Different states of synaptotagmin regulate evoked versus spontaneous release

Nat Commun. 2016 Mar 22;7:10971. doi: 10.1038/ncomms10971.

Abstract

The tandem C2-domains of synaptotagmin 1 (syt) function as Ca(2+)-binding modules that trigger exocytosis; in the absence of Ca(2+), syt inhibits spontaneous release. Here, we used proline linkers to constrain and alter the relative orientation of these C2-domains. Short poly-proline helices have a period of three, so large changes in the relative disposition of the C2-domains result from changing the length of the poly-proline linker by a single residue. The length of the linker was varied one residue at a time, revealing a periodicity of three for the ability of the linker mutants to interact with anionic phospholipids and drive evoked synaptic transmission; syt efficiently drove exocytosis when its tandem C2-domains pointed in the same direction. Analysis of spontaneous release revealed a reciprocal relationship between the activation and clamping activities of the linker mutants. Hence, different structural states of syt underlie the control of distinct forms of synaptic transmission.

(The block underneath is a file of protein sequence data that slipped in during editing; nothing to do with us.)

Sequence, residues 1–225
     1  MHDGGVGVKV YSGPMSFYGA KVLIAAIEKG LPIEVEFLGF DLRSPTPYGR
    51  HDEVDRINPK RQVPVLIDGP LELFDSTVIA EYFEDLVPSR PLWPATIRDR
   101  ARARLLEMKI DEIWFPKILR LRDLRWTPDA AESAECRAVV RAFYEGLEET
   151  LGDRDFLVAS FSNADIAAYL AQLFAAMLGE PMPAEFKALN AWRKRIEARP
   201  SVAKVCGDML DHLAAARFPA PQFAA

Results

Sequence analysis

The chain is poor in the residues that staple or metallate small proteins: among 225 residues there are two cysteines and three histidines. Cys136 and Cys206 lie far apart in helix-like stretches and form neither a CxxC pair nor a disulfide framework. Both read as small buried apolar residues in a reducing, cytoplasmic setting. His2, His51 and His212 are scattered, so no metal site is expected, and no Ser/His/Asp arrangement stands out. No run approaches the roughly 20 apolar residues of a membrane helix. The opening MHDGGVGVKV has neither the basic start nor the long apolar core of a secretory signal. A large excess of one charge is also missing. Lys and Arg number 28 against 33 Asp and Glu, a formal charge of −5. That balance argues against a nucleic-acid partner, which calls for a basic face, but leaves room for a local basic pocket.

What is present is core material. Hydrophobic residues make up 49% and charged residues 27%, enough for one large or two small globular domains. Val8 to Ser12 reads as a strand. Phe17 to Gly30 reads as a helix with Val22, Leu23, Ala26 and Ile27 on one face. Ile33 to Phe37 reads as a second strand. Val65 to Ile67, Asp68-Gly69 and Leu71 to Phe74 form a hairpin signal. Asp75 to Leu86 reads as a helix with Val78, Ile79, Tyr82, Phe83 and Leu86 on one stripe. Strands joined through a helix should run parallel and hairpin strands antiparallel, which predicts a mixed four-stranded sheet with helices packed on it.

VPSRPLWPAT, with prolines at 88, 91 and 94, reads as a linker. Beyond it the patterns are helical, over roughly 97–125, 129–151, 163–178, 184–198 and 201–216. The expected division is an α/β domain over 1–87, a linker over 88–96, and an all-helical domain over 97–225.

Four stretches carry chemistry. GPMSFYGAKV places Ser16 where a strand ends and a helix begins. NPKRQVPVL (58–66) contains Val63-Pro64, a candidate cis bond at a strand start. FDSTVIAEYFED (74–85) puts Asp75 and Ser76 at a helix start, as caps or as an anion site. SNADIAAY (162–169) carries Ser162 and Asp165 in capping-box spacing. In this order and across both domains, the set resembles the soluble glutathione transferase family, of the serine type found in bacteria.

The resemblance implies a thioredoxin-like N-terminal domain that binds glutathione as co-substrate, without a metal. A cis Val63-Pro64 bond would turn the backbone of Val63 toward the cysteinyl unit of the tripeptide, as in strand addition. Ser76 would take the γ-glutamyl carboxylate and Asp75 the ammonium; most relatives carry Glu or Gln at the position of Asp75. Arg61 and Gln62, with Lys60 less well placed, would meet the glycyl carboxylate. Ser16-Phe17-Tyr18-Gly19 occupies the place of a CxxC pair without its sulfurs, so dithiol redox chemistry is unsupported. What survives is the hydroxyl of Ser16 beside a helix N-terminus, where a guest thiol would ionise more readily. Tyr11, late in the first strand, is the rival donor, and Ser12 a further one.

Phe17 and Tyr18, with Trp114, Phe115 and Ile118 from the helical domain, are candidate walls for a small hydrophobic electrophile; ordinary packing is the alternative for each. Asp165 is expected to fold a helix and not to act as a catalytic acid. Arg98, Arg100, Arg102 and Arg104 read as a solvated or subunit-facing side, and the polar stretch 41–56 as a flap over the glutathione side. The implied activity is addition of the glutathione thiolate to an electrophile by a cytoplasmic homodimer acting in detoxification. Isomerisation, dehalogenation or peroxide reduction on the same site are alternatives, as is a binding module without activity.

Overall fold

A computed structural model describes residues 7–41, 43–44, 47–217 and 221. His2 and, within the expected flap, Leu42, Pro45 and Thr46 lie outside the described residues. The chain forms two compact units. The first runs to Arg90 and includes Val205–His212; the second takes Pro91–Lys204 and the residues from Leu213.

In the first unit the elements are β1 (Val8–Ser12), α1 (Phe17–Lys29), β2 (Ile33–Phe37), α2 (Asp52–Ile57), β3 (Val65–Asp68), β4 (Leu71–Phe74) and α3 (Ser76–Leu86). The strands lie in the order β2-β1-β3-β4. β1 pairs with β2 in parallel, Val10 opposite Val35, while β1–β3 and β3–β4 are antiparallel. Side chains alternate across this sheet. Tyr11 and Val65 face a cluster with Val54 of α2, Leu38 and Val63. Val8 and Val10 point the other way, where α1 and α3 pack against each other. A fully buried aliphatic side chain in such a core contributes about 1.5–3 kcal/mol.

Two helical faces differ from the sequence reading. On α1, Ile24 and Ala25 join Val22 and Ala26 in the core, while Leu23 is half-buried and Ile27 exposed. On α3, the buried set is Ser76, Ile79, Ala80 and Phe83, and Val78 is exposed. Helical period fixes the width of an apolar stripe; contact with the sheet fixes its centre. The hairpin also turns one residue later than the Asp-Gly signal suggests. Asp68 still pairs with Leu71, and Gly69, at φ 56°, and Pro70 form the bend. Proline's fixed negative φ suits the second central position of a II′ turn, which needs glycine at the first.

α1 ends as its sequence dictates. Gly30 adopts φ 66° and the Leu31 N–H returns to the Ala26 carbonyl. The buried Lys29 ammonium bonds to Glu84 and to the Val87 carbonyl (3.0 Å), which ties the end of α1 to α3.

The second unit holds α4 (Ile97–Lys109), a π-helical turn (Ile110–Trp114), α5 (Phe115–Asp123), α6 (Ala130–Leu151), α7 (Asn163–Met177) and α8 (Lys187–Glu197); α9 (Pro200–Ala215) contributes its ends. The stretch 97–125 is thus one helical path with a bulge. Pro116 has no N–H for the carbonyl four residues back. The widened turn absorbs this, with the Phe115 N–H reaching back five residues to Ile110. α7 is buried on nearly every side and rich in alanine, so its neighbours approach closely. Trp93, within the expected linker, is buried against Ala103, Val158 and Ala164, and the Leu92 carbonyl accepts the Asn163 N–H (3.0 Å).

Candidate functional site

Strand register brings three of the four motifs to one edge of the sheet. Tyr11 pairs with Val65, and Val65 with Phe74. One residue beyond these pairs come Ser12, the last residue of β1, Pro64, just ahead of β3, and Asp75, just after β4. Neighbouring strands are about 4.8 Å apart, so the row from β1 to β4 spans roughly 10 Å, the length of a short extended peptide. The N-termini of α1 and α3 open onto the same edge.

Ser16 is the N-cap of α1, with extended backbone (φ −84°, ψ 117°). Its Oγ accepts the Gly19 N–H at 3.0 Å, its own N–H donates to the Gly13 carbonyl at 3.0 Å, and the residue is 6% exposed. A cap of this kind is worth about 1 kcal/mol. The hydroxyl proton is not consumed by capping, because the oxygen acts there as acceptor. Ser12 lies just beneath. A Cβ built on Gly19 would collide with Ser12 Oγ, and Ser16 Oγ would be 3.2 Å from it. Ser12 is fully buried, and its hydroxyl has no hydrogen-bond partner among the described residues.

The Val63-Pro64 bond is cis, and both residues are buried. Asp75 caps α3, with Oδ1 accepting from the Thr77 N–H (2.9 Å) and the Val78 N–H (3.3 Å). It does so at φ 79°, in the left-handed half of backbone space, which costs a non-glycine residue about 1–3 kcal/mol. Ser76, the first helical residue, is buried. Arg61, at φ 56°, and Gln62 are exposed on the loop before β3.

Publication types

  • Research Support, N.I.H., Extramural
  • Research Support, Non-U.S. Gov't
  • Research Support, U.S. Gov't, Non-P.H.S.

MeSH terms

  • Amino Acid Sequence
  • Animals
  • Cell Membrane / metabolism
  • Mice, Knockout
  • Models, Molecular
  • Molecular Sequence Data
  • Mutant Proteins / chemistry
  • Mutation
  • Neurotransmitter Agents / metabolism*
  • Proline / chemistry
  • Protein Structure, Tertiary
  • Rats
  • Synaptic Transmission
  • Synaptotagmin I / chemistry
  • Synaptotagmin I / metabolism*

Substances

  • Mutant Proteins
  • Neurotransmitter Agents
  • Synaptotagmin I
  • Proline